Previously on Midlife Crisis Crossover: each November my wife Anne and I take her grandmother to the Christmas Gift & Hobby Show at the Indiana State Fairgrounds. Now on its 68th year, the Show provides a variety of vendors selling Christmas decor, Christmas gift ideas, loving handicrafts, licensed character products, off-topic home improvement services, telemarketing schemes, and more more more. For Mamaw the fairgrounds are a premier destination for her two biggest annual affairs. The Indiana Flower and Patio Show in March is her Super Bowl; the Christmas Gift and Hobby Show is her San Diego Comic Con. Longtime MCC readers were treated to photos of previous expeditions from 2012, 2014, 2015, and 2016.
This year, we’ve run into a bit of a complication.
Earlier in October we’d heard of at least two incidents in which relatives who’d been taking Mamaw grocery shopping had to rush to her side when she felt too weak to stand and needed their physical support to finish her foraging. She’s 92 years old and weighs 83 pounds, which makes her pretty easy to support or to push around in her optional wheelchair, which is always my job at the Christmas show. Long-term hospitalization didn’t appear necessary at the time to those on the scene, judging by the fact that she was allowed to return home, medical alert bracelet snugly on her wrist and relatives not too far down the street in case of emergency.
A few days later, Mamaw spent a morning in her favorite extra-comfy living room chair, only to realize she couldn’t get up. We’re not sure of the exact physics behind her entrapment. Either the muscles in her extremities stopped working altogether, the blankets covering the chair had generated enough static cling to magnetize her pants, or the seat’s cavernous comfort zone was trying to swallow her whole. Whichever the case, she spent two hours struggling to free herself from its fuzzy embrace before she finally fell her way out of it and then called for help.
Her hospital stay segued into extended admission to a rehab center not far from her home. She’s been there the past few weeks and, as we suspected might be the case, was not released in time for this years Gift & Hobby Show. We mourn the beloved tradition derailed.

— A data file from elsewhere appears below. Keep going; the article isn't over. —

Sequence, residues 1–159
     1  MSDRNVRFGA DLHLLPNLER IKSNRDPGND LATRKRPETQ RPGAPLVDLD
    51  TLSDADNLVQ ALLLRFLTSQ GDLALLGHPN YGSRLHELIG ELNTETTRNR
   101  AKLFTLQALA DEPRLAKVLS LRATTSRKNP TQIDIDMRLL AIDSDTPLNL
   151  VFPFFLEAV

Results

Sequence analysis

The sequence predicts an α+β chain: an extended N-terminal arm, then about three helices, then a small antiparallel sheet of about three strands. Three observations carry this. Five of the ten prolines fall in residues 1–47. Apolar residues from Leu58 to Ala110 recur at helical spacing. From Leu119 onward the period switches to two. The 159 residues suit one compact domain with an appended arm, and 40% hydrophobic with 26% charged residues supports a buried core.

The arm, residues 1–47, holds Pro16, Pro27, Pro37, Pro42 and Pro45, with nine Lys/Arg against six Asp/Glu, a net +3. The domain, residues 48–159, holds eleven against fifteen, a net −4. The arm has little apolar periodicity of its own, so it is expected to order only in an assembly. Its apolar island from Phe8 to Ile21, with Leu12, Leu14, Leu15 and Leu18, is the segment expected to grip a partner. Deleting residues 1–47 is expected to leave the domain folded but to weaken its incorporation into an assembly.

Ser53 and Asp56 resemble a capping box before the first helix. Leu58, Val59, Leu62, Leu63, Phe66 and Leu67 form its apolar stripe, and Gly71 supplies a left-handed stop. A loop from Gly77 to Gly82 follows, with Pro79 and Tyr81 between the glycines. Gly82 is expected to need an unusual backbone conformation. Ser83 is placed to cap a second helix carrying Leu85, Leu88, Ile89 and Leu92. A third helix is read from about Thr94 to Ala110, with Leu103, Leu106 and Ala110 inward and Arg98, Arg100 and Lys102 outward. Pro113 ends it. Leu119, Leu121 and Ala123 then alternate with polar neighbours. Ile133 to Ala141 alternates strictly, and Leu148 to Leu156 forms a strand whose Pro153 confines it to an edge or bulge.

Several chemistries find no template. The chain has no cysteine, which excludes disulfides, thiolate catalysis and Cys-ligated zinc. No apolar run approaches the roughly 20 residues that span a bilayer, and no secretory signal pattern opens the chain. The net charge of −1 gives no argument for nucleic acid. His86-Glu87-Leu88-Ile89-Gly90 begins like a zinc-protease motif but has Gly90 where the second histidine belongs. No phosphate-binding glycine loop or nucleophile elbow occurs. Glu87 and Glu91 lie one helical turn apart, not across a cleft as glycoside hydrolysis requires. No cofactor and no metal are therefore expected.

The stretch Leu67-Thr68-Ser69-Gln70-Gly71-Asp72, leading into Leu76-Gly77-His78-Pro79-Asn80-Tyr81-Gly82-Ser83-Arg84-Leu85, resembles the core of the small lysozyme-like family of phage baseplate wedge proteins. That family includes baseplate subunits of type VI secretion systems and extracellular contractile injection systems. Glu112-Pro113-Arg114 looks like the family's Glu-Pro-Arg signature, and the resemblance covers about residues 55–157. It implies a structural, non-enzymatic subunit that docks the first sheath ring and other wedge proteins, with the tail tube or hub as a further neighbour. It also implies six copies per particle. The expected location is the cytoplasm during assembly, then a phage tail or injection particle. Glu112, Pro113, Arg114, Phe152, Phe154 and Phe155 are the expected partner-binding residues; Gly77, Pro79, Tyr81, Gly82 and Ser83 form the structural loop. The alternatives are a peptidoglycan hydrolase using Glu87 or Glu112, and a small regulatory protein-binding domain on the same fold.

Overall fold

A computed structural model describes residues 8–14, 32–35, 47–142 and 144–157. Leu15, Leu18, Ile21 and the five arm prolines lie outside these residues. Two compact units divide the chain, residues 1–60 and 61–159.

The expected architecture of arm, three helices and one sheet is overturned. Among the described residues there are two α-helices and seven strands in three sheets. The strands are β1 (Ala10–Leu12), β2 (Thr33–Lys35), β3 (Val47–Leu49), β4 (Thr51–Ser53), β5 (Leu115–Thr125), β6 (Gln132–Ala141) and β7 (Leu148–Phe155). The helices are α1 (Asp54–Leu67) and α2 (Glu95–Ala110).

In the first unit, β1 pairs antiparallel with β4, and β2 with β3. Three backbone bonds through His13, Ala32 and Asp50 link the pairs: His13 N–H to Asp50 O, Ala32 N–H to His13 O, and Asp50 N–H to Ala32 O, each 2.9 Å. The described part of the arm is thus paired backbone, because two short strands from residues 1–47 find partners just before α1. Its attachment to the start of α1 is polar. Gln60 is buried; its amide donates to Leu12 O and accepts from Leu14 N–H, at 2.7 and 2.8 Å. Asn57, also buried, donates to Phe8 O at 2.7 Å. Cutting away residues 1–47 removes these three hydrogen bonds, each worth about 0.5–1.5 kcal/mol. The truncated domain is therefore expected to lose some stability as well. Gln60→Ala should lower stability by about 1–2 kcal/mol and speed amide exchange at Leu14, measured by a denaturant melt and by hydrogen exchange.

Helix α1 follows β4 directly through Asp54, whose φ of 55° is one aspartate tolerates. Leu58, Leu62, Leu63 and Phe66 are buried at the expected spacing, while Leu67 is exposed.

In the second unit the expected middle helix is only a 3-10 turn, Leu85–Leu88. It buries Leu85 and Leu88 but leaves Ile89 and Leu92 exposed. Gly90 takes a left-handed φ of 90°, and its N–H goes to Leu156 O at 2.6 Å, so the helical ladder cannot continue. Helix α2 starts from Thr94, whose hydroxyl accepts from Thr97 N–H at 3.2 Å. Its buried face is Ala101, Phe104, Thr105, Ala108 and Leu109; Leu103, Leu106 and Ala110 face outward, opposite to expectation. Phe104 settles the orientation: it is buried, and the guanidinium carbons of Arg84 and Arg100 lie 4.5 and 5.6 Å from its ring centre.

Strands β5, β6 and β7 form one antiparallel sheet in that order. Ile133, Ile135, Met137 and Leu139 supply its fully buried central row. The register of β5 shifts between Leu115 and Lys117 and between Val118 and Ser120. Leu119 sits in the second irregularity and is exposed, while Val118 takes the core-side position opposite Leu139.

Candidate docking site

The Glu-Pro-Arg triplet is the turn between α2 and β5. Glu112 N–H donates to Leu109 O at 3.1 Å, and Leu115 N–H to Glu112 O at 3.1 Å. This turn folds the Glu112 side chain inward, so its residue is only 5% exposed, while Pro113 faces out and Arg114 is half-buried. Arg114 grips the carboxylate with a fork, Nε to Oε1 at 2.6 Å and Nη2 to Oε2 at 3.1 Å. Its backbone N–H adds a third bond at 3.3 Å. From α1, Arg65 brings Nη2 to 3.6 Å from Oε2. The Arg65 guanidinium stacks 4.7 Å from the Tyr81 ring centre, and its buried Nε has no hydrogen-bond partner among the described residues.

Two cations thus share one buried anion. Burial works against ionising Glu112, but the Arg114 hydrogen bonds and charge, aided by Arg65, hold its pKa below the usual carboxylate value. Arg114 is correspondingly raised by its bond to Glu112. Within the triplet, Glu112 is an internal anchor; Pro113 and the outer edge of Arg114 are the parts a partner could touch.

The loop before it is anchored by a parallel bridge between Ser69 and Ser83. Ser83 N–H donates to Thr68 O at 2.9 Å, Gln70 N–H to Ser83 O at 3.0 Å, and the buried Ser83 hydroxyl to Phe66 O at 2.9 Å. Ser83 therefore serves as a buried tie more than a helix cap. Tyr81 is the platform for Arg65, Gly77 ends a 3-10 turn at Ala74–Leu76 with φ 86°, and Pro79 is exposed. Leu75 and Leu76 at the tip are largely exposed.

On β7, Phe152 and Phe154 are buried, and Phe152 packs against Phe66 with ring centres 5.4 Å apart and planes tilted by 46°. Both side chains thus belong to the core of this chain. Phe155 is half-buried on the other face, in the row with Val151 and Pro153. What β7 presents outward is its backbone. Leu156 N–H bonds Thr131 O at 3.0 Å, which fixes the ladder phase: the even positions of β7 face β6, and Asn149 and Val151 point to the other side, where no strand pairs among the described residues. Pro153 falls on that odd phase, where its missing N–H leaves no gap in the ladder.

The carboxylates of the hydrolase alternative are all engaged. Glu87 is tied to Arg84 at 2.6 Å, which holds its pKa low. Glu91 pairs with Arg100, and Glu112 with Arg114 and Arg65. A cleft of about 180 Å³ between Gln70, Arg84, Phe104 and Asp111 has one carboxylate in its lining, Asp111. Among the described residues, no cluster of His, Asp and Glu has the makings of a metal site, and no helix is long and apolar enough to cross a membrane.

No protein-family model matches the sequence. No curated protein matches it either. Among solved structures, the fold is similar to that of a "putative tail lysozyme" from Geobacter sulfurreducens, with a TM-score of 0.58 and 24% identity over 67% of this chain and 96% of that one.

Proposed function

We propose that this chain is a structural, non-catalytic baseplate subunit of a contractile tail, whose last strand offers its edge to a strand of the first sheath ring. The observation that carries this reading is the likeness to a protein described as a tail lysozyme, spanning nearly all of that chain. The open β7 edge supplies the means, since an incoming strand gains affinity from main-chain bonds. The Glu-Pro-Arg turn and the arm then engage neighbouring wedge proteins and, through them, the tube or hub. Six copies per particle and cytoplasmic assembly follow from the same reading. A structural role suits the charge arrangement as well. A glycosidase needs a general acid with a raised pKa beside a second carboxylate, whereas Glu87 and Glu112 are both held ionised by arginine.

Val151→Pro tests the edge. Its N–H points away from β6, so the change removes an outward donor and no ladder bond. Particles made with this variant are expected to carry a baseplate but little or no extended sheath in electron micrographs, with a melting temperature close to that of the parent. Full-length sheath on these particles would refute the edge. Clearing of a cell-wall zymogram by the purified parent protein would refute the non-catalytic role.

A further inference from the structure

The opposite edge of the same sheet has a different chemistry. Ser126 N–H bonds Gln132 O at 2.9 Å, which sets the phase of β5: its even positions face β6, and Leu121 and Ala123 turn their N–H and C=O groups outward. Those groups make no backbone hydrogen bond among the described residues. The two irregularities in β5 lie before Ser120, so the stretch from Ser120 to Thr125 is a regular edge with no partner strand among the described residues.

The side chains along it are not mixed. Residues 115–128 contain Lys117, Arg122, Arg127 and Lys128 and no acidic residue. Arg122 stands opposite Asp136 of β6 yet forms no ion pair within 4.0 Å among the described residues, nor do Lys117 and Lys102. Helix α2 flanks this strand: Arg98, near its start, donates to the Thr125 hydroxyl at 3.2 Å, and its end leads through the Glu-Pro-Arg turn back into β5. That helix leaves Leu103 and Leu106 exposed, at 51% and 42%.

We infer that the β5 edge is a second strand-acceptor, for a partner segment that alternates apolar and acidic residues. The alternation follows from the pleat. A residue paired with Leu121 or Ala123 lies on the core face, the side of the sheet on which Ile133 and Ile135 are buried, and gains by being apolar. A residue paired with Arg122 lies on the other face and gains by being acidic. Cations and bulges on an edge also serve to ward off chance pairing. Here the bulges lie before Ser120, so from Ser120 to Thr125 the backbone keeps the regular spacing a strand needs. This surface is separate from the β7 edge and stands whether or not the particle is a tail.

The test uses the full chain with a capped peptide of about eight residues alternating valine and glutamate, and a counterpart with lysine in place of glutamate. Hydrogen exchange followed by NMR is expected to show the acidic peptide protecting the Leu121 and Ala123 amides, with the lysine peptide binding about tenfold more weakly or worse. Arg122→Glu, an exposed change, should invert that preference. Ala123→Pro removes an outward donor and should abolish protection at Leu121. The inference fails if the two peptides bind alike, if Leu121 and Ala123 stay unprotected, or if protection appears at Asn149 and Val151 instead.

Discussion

As if she didn’t have enough to deal with, last week we received news from Florida that her brother Art had passed away. Art was one of Anne’s two great-uncles who used to work security at both fairground shows and would arrange free passes for the three of us each time. He retired from that gig a few years ago and had moved to warmer climes for his time remaining. His plot is up here in Indy next to his wife, necessitating some interstate transport arrangements and funeral services postponed till Thanksgiving weekend. it goes without saying we’d all rather be shopping for Christmas decorations right about now.
Anne went to see Mamaw in the rehab center shortly after her transfer. Anne sat patiently for a full half-hour, watched her sleep through the entire visit, Facebook’d an adorable photo, and called it a day, happy just to have her still around. Today was her first chance for a follow-up visit, this time with me in tow. Frankly, I had no idea how severe her condition was. In my mind, when you weigh less than your age, that can’t be a good sign, especially when all attempts at weight gain prove futile. My idea to solve this would be to put her on a strict diet of Double Quarter Pounders with Cheese, but I’m told my idea is flawed, though I’d certainly love to see those equally unhelpful naysayers come up with a better suggestion.
Regardless, if things were capital-S Serious, I didn’t want to miss the opportunity to brighten her day, or at least catch her breathing one more time. Over the past fifteen years I’ve had three relatives who passed away in their deathbed before I could arrive at their side. That’s not a statistic I care to see rising.
Saturday morning we walked into her room and found her wide awake and snacking on dark chocolate chip cookies someone had smuggled in for her. She proceeded to talk our ears off for the next 40+ minutes — about her epic chair battle, about her five-days-a-week physical therapy, about her regrets for missing the Show, about which relatives have come in to see her, about her kindly younger roommate with bone cancer who just moved in the other day, about the one nurse she doesn’t like, and so on and so on and so on and so on and so on.
Our revised prognosis: much better than I expected.
None of us has been given any indication if or when she might be freed to return to the little house her late husband built for her decades ago. After today’s encouraging chitchat we’d like to assume her surroundings are temporary and, Lord willing, she’ll bust out soon and get back to her daily chores and stories. It would be nice if she could at least attend her brother Art’s services, to say nothing of maybe making next year’s big Christmas con.